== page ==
Cocky or confident?

Enya Eettickal, Staff Writer

As a member of the mock trial team here at Case Western Reserve University, I spend much of my time—namely weekends—with some very big personalities from all over the country. A significant part of these activities comes down to being judged on presence and presentation, even though this is insanely subjective. However, there are traceable patterns of what qualities are well received—judges tend to love people who are credible, pleasant and notably attentive. But one polarizing trait that most competitors have is confidence. At least, everyone will say it’s confidence. But it’s hard to understand why it is polarizing. Why is it that some audiences react positively to confidence in performers, but others may be averse? 

The answer, in my mind, is that there’s a difference between the types of confidence people have. Specifically, there’s a difference between being confident and being cocky. Even at first glance, both words have different connotations, and it can be hard to discern the difference even with practice. At what point does confidence become cockiness? How do you temper cockiness? There are a few questions to examine here. That is why it is important to explore why cockiness is undesirable in comparison to confidence.

In this case, defining these terms is part of the solution. Confidence and cockiness are both characteristics that result from a strong sense of self and often help with decision-making. Their big difference lies in the mindsets associated with them and understanding of those around them. 

Confidence is rooted in the idea that you are proficient at certain tasks or great at merely existing. Confidence is the textbook characteristic everyone is told to build. Cockiness has those same qualities, but added is the aspect of thinking that one is more proficient than the people around them, and that’s where the split in work ethic comes as well. People who are confident in their abilities have an awareness of why and how they are good at what they do. They understand the work they’ve had to put in to get to where they are, and are willing to sustain that work and effort to maintain their abilities. Cocky people don’t have that. Even if they were once confident and worked to get themselves to a certain skill level or image, they lose sight of who they were and become wrapped up in who they now are instead. As a result, they convince themselves that they are inherently superior to others, not accounting for any privileges they may have or changes that occurred over time. 

The problems that stem from cockiness are pretty self-explanatory. Cocky people are bound to overestimate their abilities. When they assume they are skilled or superior inherently, they forget the importance of working to develop or retain abilities. But despite what they assume, practice and work are still necessary to maintain their skills. So when they abandon developing that skill with their unfounded assumption about innate talent, they’re prone to being humbled quickly. Reality checks may come at the time they least expect it.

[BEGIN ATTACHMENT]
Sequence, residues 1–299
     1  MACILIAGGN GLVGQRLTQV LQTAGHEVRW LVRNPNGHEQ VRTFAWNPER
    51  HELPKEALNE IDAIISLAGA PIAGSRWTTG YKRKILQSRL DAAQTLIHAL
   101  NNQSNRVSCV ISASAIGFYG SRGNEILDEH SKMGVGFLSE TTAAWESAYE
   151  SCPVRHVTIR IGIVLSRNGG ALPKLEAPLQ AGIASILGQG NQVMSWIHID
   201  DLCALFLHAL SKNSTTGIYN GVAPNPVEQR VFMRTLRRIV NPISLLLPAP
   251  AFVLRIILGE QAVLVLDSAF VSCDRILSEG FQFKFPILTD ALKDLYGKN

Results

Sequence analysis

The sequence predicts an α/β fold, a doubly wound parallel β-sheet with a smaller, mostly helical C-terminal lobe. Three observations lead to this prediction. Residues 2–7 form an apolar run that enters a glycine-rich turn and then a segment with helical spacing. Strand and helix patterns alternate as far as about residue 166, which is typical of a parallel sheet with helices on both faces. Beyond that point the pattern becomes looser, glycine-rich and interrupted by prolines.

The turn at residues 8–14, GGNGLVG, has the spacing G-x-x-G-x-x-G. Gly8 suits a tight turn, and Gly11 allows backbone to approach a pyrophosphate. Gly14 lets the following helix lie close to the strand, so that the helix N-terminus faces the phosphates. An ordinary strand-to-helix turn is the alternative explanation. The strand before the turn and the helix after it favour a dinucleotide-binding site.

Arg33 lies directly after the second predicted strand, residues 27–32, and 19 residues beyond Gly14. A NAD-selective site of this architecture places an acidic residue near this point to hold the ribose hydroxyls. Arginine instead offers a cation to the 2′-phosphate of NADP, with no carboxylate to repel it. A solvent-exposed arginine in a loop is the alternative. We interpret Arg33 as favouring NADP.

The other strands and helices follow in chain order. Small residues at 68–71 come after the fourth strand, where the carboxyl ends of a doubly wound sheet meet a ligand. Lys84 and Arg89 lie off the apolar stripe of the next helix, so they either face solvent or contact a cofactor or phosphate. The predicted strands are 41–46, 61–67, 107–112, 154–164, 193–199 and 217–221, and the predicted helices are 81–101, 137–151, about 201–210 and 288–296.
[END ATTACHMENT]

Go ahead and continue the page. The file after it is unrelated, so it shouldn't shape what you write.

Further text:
Beyond that, there’s also the issue of cocky people simply being unlikeable. This goes back to my anecdote about performers. Cockiness is relatively easy to identify, and while it may be hard to spot the difference between confident and cocky people at first glance, cocky people are easy to identify once you spend any time with them. It’s most noticeable in how they treat others—whether that be body language that conveys disgust or condescending manners of speaking. No one wants to be patronized and treated poorly, or watch others around them being regarded similarly. 

The unfortunate part of all this is that cocky people often don’t know they are cocky. They don’t understand what part of their personality is turning people away from them. And because a lack of self-awareness is a fundamental part of being cocky, it’s difficult for them to identify it. However, the silver lining is that the difference between cocky and confident isn’t a huge one—therefore, the work that someone needs to evolve from cocky to confident is minimal. 

Once someone has identified, accepted and decided to temper their cockiness, which they may be more inclined to do if they get humbled, they probably can. Developing self-awareness and rededicating time to working hard is often enough to put them in a position where others will positively receive their strong sense of self. 

However, while it’s possible to fix the problem of cockiness, there’s no guarantee that someone will change. Being in a situation where cocky people are actively having their behavior checked expedites the experience—but there are no guarantees even then. All you can do is hope that the social response will be a good wake-up call.